If the First World War or the Second World War had not been fought, or had been different wars because the underlying geopolitical tensions had been differently triggered (no Franz Ferdinand, no Pearl Harbor, etc.) and therefore issued in different outcomes, would the world be significantly different than it is today? Would the international balance of power be significantly different? Would no world wars in the twentieth century, or different world wars in the twentieth century, done anything to prevent the underlying factors that drove the growth of American power which is the central fact of the world political system today? Or would different historical events, i.e., different wars, have changed the emergence of communists in Russia and their eventual self-sabotage and collapse? These are, obviously, counter-factual conditionals, and no one can say definitively how things might have been if things had been different.

Again, this is the perspective of the longue durée. From the perspective of the longue durée, a war is an event, and events belong to the ephemera of history. As Braudel put it:

“Events are the ephemera of history; they pass across its stage like fireflies, hardly glimpsed before they settle back into darkness and as often as not into oblivion.”

Fernand Braudel, The Mediterranean and the Mediterranean World in the Age of Philip II, Volume 2, Part Three: Event, Politics and People, p. 901

As against the perspective of the longue durée there is the famous line from Keynes:

“The long run is a misleading guide to current affairs. In the long run we are all dead. Economists set themselves too easy, too useless a task if in tempestuous seasons they can only tell us that when the storm is past the ocean is flat again.”

Keynes can be precisely paraphrased to the same effect for grand strategy:

“The long run is a misleading guide to strategy. In the long run we are all dead. Strategists set themselves too easy, too useless a task if in a time of national crisis they can only tell us that when the storm is past the ocean is flat again.”

This Keynes quote has been grievously used to defend short-term thinking, but there are valid common-sensical arguments that can be constructed on this basis. Obviously, if a soldier has been killed in a war, that war has had the most profound consequences for that soldier and his family. This reasoning can be extrapolated from the greatest sacrifices to the most trivial sacrifices: if violence can be used to extract a sacrifice, then violence has been efficacious.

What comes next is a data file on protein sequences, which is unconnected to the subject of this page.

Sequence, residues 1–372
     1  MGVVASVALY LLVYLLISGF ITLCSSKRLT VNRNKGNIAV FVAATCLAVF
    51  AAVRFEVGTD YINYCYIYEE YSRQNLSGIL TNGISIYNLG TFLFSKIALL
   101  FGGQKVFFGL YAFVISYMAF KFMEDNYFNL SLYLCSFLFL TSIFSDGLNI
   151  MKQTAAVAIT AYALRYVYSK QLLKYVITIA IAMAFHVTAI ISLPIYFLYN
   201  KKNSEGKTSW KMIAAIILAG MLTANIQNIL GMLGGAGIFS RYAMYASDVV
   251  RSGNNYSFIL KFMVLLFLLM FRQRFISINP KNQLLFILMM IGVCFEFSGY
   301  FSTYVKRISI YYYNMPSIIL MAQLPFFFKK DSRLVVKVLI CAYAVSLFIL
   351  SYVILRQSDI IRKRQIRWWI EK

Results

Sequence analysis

Certainly, yes, violence is efficacious in compelling sacrifice, as well as being the cause of untold pain, suffering and misery. One must not attempt to explain away the human cost of violence; when we say that violence stands in inverse proportion to political efficacy, we are not making an excuse to ignore pain and suffering, to say that it “ultimately” does not matter, or any such thing. Violence is real, its consequences are real, and those consequences frequently are cashed out among the inferior species of political agents, i.e., front line soldiers, first responders, and, generally speaking, wherever the rubber meets the road.

But if we think of war in classic Clausewitzian terms, violence is a failure. Here is Clausewitz’s definition of war, from On War, Book I, Chapter I, 2:


A people, in so far as it can, fulfills its own will, and if it is forced by loss in an armed conflict to temporarily fulfill the will of another, it will do so in the spirit of “malicious compliance” unless true social change is part of the peace settlement. There have been many wars in which social change is a part of both the war itself and the peace. The Marshall Plan after the Second World War is an obvious example of a peace that engaged former adversaries in a very practical manner; social change can sometimes be purchased with sufficient treasure.

The event of war is temporary, and thus the outcome of war is temporary. The perennial nature of peoples will continue to assert itself after a conflict as it did prior to a conflict. That will not be changed by war or lesser forms of violence.

. . . . .

What I have written so far on this head is inadequate to make the case for the refutation of the gangster’s fallacy; the charitable reader will understand that this is but a sketch and a beginning.